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Care at Home

  • COOL BATHS: * For itching, give cool or lukewarm baths for 10 minutes as often as needed. * Caution: Avoid any chill. * Can add baking soda 2 ounces (60 ml) per tub. * Baths don't spread the chickenpox. * Do not use soaps. Reason: Soaps cause dry skin and make the itch worse.
  • CALAMINE LOTION FOR ITCHING: * Put calamine lotion on the chickenpox that itch the most. * You can also use an ice cube on the itchy spots for 10 minutes. * Don't use any lotion containing Benadryl in it. Reason: It can be absorbed across the skin. This can cause side effects in kids.
  • BENADRYL MEDICINE FOR ITCHING: * If itching becomes severe or interferes with sleep, give Benadryl by mouth. See Dose Table.
  • TRY NOT TO SCRATCH: * Try not to let your child pick and scratch at the sores. This can lead to infected sores. * Trim fingernails. * Wash hands often with soap.
  • FEVER MEDICINE: * Give acetaminophen (such as Tylenol) for fever above 102° F (39° C). * Never use aspirin. Reason: Risk of Reye syndrome. * Also, don't use ibuprofen. Reason: May increase risk of bad strep skin infections.
  • FLUIDS AND SOFT DIET: * The mouth and throat ulcers are painful. Try to get your child to drink adequate fluids. * Goal: Keep your child well hydrated. * Cold drinks, milk shakes, popsicles, slushes, and sherbet are good choices. * Solids. Offer a soft diet. Also, avoid foods that need much chewing. Avoid citrus, salty, or spicy foods. Note: Fluid intake is more important than eating any solids. * For babies, you may need to stop the bottle. Give fluids by cup, spoon or syringe instead. Reason: The nipple can increase the pain.
  • LIQUID ANTACID FOR MOUTH PAIN: * For mouth pain, use a liquid antacid such as Mylanta or the store brand. Give 4 times per day as needed. After meals often is a good time. Age: For children over 1 year old. * For children over age 6, can use 1 teaspoon (5 ml) as a mouth wash. Keep it on the ulcers as long as possible. Then can spit it out or swallow it. * For younger children age 1 to 6, put a few drops in the mouth. Can also put it on with a cotton swab. * Caution: Do not use regular mouth washes, because they sting.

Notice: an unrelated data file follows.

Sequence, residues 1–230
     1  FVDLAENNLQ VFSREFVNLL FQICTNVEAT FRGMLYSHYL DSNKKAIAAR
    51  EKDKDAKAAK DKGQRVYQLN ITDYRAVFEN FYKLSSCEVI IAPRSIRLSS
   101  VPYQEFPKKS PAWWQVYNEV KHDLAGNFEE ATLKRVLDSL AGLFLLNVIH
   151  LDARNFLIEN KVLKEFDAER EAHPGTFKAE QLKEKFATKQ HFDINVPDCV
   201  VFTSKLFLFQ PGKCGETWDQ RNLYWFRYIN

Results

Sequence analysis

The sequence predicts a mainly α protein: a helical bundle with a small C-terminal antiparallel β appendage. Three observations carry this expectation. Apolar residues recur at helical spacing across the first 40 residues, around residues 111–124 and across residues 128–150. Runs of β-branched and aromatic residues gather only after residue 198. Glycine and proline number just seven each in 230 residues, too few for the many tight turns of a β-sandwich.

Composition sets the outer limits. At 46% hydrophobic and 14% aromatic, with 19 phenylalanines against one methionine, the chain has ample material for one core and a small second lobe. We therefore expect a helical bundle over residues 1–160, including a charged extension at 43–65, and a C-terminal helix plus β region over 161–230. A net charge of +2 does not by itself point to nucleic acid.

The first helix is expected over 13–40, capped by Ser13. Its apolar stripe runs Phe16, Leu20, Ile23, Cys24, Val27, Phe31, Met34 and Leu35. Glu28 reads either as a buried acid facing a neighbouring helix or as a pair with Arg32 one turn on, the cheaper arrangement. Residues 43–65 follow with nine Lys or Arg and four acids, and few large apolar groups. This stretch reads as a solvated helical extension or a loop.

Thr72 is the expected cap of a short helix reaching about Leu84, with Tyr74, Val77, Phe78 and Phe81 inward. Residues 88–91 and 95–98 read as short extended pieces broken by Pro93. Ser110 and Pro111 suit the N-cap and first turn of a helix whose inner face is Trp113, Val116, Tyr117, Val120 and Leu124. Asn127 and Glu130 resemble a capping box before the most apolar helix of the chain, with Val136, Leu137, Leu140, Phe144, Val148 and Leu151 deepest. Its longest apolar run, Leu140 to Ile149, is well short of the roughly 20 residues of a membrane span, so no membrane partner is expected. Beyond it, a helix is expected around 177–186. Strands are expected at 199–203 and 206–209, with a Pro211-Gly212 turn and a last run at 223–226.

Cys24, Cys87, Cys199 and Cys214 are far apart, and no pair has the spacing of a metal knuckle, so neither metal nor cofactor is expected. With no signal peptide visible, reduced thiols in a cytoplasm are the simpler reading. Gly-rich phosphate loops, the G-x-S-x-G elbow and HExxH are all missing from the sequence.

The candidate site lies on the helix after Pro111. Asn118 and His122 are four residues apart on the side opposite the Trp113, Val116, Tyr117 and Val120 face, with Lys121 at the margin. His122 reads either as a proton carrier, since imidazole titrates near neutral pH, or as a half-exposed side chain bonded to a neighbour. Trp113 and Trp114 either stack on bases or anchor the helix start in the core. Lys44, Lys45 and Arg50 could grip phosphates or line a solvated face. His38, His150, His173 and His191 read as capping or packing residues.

• FOR PAIN WITH PASSING URINE: * For girls with painful genital ulcers, put petroleum jelly on them as needed. * For severe pain, use a numbing ointment such as 2.5% xylocaine ointment. No prescription is needed. Use this 4 times per day. * For males with painful pox on the tip of the penis, this also works.
  • RETURN TO SCHOOL: * Your child can go back to school after all the sores have crusted over. * Most often, this is day 6 or 7 of the rash.
  • WHAT TO EXPECT: * Expect new chickenpox every day for 4 or 5 days. * Most children get 400 to 500 chickenpox. * They get less pox if they've had the vaccine.
  • CALL YOUR DOCTOR IF: * Chickenpox look infected (draining pus, scabs become larger) * Gets any new chickenpox after day 6 * Your child becomes worse
  • PREVENT THE SPREAD OF CHICKENPOX IN THE OFFICE: * If your child needs to be seen, call first to the office. * Try to bring another adult. Have one adult enter the office first for instructions. * For nonurgent problems, the doctor may do an exam in the car.
  • WHAT YOU SHOULD KNOW: * Chickenpox is caused by the varicella virus. * It's now uncommon because of the chickenpox vaccine. * Your job is to keep your child comfortable and to limit the itching. * Here is some care advice that should help.


The information contained in these topics is not intended nor implied to be a substitute for professional medical advice, it is provided for educational purposes only. You assume full responsibility for how you choose to use this information.

Always seek the advice of your physician or other qualified healthcare provider before starting any new treatment or discontinuing an existing treatment. Talk with your healthcare provider about any questions you may have regarding a medical condition. Nothing contained in these topics is intended to be used for medical diagnosis or treatment.

  • Not a Substitute - The information and materials in Pediatric HouseCalls Symptom Checker should not be used as a substitute for the care and knowledge that your physician can provide to you.
  • Supplement - The information and materials presented here in Pediatric HouseCalls Symptom Checker are meant to supplement the information that you obtain from your physician. If there is a disagreement between the information presented herein and what your physician has told you -- it is more likely that your physician is correct. He or she has the benefit of knowing your child's medical problems.
  • Limitations - You should recognize that the information and materials presented here in Pediatric HouseCalls Symptom Checker have the following limitations, in comparison to being examined by your own physician:
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